This season’s first native geraniums (Geranium maculatum) are opening now. This lovely woodland native does well in poor soil and deep shade.
It’s really, really spring when the geraniums start to open. Our loveliest native geranium is a true spring ephemeral: it appears, blooms, and sets seed within no more than two months, then disappears until next spring. It’s so easy to grow that you can dig it up and move it while it’s in bloom. And as you can see in the photo, it combines will with other shade lovers–notice all the aster leaves.
As I write this the rain has begun, a few hours later than predicted so I was able squeeze in some planting this morning. Two of my clients’ plants arrived yesterday (as did mine). It will be a busy week! But the relatively cool, rainy weather is ideal for planting.
And here are some other things you might accomplish in your garden this week:
— divide hardy perennials and grasses. Spring is the best time to divide plants; many will even bloom the same year if you divide them early enough. I start dividing as soon as each species is ready and stop when the weather gets hot, and I try to do it right before it rains (saves watering). Exception: it’s too late to divide tap-rooted plants such as columbine and orange butterflyweed, and many native grasses don’t respond well once they’ve put out a couple of inches of top growth. Wait until next year to divide these plants.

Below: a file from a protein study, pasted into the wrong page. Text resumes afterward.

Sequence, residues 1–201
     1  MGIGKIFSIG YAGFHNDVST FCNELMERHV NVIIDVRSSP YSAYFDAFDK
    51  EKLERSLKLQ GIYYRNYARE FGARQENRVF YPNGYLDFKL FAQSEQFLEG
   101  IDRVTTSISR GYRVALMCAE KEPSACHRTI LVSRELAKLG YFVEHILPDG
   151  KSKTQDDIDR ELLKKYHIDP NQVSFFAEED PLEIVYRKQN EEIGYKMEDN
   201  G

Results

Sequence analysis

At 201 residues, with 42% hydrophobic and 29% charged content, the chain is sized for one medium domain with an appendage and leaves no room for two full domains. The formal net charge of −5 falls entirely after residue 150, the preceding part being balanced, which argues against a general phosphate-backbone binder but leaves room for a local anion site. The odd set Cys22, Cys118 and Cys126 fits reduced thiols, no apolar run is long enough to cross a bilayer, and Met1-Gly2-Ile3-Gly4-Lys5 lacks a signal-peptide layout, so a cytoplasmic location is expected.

— Harvest cool-weather crops such as lettuce, mesclun mix, spinach, arugula and peas. Plant parsley and dill plants, but hold off on basil for another week or so.
— you should have started vegetable seeds for warm-weather crops such as tomatoes and squash a while ago. (You can find a list of dates for starting seeds in this post.) Hold off on putting these tender crops in the ground until around May 20.
— Plant! The weather is perfect. Most reliable mail-order nurseries have started shipping. Once the plants arrive, get them in the ground as soon as you can. If you must hold them for a few days, open the boxes, water as necessary, and keep them in the shadiest spot you can find.
— if you or your lawn service has sown grass seed, water several times a day until the grass is up. Otherwise you’re just scattering birdseed. And unless you’ve seeded it, lawn certainly doesn’t need watering, and it’s still too early to fertilize. Wait until Memorial Day. Even better, don’t fertilize at all this year. I bet the grass will do just fine.
It’s very hard to stay out of the garden in spring! Enjoy the garden this week.
Our native Tiarella combines well with other shade-lovers, such as asters, ferns, columbine, and Heuchera.